Now in order to calculate the number of particles with a total charge greater than the critical charge required to cause an upset in the cell, we have to integrate all possible path lengths through the critical volume of the cell, and group them into categories. For example, let us say all possible path lengths through the critical volume can be categorized as shown in Figure 8.

Since the minimum charge for an upset in our particular cell has been determined to be 50pC, then in order for a particle which deposits only 25pC of charge per micron of track length, to cause an upset, it must have a total path length through our sensitive volume of at least 2um in length. From Figure 8, we notice that only 25% of all possible path lengths though the sensitive volume have a path length of 2um or greater. So remembering that only 50% of our 8 particles per um2 per second deposit 25pC/um, then the number of failures in time from our 25pC particles is given by:

8 particles/um2/second X 50% X 25% = 1 error per second.

Now we calculate how many upsets are caused by the 50% of particles that deposit 50pC of charge per um of track length. Remembering that at least 50pC of deposited charge is required to upset our cell, this tells us that the 50pC/um particles must have a track length of at least 1um through our sensitive volume to cause an upset. We notice from Figure 8 that 50% of all possible track lengths through are cell are greater than 1um, so 50% of our 50pC/um particles will cause an upset. Recall also that only half of our total particles create a charge track that deposits 50pC/um, then failures in time caused by our 50pC/um particles, is given by:

8 particles/um2/second X 50% X 50% = 2 errors per second.

Adding up the failure rate caused by the 25pC/um and 50pC/um flux of particles, we arrive at a total Failures In Time (FIT rate) of:

1 error per second + 2 errors per second = 3 errors per second.


In summary, in order to calculate the Failures In Time rate for this example, we need to simulate:

1. The minimum LET energy required to upset our cell.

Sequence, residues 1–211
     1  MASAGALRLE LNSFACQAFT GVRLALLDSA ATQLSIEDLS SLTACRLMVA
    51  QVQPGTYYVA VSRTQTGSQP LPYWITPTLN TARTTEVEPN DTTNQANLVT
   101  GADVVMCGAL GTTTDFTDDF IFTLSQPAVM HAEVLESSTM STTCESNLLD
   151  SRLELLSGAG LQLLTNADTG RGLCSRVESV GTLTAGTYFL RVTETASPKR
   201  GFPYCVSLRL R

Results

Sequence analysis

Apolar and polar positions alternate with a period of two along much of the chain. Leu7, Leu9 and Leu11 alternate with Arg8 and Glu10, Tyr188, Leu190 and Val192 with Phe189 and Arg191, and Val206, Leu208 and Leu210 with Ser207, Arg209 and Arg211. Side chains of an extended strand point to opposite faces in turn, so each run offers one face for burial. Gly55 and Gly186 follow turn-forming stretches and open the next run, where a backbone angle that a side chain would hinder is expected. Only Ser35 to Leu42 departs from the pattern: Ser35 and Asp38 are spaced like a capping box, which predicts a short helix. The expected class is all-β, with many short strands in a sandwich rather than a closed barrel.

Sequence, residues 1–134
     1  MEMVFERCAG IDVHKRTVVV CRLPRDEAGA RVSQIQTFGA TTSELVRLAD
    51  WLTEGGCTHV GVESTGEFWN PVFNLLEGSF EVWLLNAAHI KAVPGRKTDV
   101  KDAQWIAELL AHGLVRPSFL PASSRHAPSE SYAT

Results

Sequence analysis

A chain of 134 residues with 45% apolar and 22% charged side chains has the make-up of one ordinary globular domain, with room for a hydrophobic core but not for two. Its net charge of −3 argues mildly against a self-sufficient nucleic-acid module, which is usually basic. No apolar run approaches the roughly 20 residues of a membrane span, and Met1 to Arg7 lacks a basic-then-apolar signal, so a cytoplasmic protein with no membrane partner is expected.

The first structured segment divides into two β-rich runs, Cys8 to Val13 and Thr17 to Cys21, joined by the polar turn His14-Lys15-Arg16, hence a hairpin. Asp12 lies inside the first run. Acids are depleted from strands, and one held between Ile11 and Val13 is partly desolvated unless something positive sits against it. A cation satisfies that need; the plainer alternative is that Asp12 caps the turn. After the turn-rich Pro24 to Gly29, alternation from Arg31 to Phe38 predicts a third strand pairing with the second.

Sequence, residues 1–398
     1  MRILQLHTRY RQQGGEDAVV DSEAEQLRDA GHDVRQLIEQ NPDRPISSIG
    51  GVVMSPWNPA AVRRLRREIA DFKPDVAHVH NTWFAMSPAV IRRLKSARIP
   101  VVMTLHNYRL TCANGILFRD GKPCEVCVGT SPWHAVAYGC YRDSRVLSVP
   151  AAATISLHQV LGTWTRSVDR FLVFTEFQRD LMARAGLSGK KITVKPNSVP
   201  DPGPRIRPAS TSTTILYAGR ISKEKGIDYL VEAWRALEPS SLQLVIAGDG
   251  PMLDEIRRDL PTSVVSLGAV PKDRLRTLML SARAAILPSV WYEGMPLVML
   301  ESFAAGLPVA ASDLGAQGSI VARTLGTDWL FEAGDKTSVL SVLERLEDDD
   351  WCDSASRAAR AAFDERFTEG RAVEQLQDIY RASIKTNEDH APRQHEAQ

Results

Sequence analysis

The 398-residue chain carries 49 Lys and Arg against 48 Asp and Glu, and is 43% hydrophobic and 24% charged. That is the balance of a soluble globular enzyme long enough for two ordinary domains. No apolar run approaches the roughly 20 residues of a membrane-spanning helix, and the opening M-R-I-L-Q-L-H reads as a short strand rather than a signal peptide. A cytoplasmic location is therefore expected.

2. The maximum depth of our cell that is sensitive to deposited charge

3. The surface dimensions of our cell (L x W) that is sensitive to a strike.

So whilst the critical charge in a critical volume method of calculating FIT rates is a conceptually simpler approach compared to a full matrix TCAD simulation method, it still relies on accurate knowledge of sensitive depths and areas, which are best characterized using TCAD methods if the budget for real world characterization using high energy particle sources is simply too cost prohibitive.


Soft Error Simulation Methods

By now it should be clear that what we really need to know is the fraction of energetic particles that strike our circuit from all angles and for any given energy that will cause a functional upset. This is usually called the “sensitive cross section” which has units of area. The way we calculate this sensitive area, depends on what data is already available, how much we know about the process node, and how accurate the answer needs to be.

The essence of soft error simulation basically distils down to the ability of the simulation method, to accurately reproduce the transitory current pulse at the effected device electrodes, that results from a high energy particle strike at any angle and for the full energy range of particles.

Silvaco offers a number of soft error simulation methodologies. Some of the main choices are listed below:

  1. SmartSpice only simulations
  2. TCAD calibrated Spice simulations
  3. Simultaneous TCAD and Spice (Mixed Mode) simulations
  4. TCAD only simulations

As with most simulation tools, the simulation choice is a compromise between simulation accuracy and capability, versus simulation speed. The pros and cons of each of these approaches are listed below:

1. SmartSpice Only Simulations:
For these simulations, the current pulse is calculated by SmartSpice itself, from user input parameters, such a particle LET, and ionized track length etc., The calculated pulse has a sharp rise time, followed by an exponential decay, as shown in Figure 9, for a 1 LET particle strike on a 65nm device. The calculated current pulse, when integrated over the pulse time, yields the deposited charge in the track, which equates to the particle LET x the specified track length. This method can therefore be a good tool for investigation of the “critical charge” required to create a circuit upset.

Figure 9. Drain current pulse resulting from a 1 LET particle strike into a 65nm nMOS device, emulated directly in SmartSpice.

An example of applying the pulse to a static 65nm SRAM circuit is shown in Figure 10 where it can be seen that a soft error occurs, causing the SRAM to change state.

Figure 10. An SRAM memory bit flip resulting from the incoming particle described in Figure 8, simulated directly in SmartSpice.